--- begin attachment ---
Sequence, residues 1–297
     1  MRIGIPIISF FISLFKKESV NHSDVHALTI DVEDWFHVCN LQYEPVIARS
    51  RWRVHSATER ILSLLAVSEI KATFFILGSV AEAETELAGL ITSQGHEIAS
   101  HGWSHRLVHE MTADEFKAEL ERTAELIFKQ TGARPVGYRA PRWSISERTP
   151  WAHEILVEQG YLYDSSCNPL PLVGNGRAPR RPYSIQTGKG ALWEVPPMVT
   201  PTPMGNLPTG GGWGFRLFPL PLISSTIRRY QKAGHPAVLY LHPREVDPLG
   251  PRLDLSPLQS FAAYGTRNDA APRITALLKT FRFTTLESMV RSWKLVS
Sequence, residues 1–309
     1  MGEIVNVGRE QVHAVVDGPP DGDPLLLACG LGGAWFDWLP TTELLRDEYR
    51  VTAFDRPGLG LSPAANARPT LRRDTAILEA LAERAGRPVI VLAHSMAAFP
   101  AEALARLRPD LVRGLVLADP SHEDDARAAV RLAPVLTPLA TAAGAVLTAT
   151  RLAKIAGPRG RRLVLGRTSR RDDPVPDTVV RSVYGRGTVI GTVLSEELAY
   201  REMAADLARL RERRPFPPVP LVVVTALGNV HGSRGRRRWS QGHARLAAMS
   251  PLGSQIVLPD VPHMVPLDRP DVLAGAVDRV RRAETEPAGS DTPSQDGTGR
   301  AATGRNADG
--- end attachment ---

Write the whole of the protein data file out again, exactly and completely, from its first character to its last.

Sequence, residues 1–297
     1  MRIGIPIISF FISLFKKESV NHSDVHALTI DVEDWFHVCN LQYEPVIARS
    51  RWRVHSATER ILSLLAVSEI KATFFILGSV AEAETELAGL ITSQGHEIAS
   101  HGWSHRLVHE MTADEFKAEL ERTAELIFKQ TGARPVGYRA PRWSISERTP
   151  WAHEILVEQG YLYDSSCNPL PLVGNGRAPR RPYSIQTGKG ALWEVPPMVT
   201  PTPMGNLPTG GGWGFRLFPL PLISSTIRRY QKAGHPAVLY LHPREVDPLG
   251  PRLDLSPLQS FAAYGTRNDA APRITALLKT FRFTTLESMV RSWKLVS
Sequence, residues 1–309
     1  MGEIVNVGRE QVHAVVDGPP DGDPLLLACG LGGAWFDWLP TTELLRDEYR
    51  VTAFDRPGLG LSPAANARPT LRRDTAILEA LAERAGRPVI VLAHSMAAFP
   101  AEALARLRPD LVRGLVLADP SHEDDARAAV RLAPVLTPLA TAAGAVLTAT
   151  RLAKIAGPRG RRLVLGRTSR RDDPVPDTVV RSVYGRGTVI GTVLSEELAY
   201  REMAADLARL RERRPFPPVP LVVVTALGNV HGSRGRRRWS QGHARLAAMS
   251  PLGSQIVLPD VPHMVPLDRP DVLAGAVDRV RRAETEPAGS DTPSQDGTGR
   301  AATGRNADG